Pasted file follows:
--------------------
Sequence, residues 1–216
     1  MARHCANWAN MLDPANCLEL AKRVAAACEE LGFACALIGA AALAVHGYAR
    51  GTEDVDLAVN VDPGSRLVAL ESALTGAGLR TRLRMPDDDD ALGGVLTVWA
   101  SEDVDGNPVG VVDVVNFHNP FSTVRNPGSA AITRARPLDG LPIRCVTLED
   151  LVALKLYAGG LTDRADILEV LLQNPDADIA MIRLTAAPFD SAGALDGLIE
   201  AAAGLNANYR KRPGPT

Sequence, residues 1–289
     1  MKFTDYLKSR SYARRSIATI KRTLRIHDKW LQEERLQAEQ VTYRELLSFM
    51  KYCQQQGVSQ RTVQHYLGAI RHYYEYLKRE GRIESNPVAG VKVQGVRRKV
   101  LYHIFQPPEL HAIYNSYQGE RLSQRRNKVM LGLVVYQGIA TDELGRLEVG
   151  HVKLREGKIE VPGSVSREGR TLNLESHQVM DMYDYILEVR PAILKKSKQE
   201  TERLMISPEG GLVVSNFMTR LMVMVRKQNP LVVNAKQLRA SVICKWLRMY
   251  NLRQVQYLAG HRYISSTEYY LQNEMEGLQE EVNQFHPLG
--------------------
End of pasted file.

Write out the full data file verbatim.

Sequence, residues 1–216
     1  MARHCANWAN MLDPANCLEL AKRVAAACEE LGFACALIGA AALAVHGYAR
    51  GTEDVDLAVN VDPGSRLVAL ESALTGAGLR TRLRMPDDDD ALGGVLTVWA
   101  SEDVDGNPVG VVDVVNFHNP FSTVRNPGSA AITRARPLDG LPIRCVTLED
   151  LVALKLYAGG LTDRADILEV LLQNPDADIA MIRLTAAPFD SAGALDGLIE
   201  AAAGLNANYR KRPGPT

Sequence, residues 1–289
     1  MKFTDYLKSR SYARRSIATI KRTLRIHDKW LQEERLQAEQ VTYRELLSFM
    51  KYCQQQGVSQ RTVQHYLGAI RHYYEYLKRE GRIESNPVAG VKVQGVRRKV
   101  LYHIFQPPEL HAIYNSYQGE RLSQRRNKVM LGLVVYQGIA TDELGRLEVG
   151  HVKLREGKIE VPGSVSREGR TLNLESHQVM DMYDYILEVR PAILKKSKQE
   201  TERLMISPEG GLVVSNFMTR LMVMVRKQNP LVVNAKQLRA SVICKWLRMY
   251  NLRQVQYLAG HRYISSTEYY LQNEMEGLQE EVNQFHPLG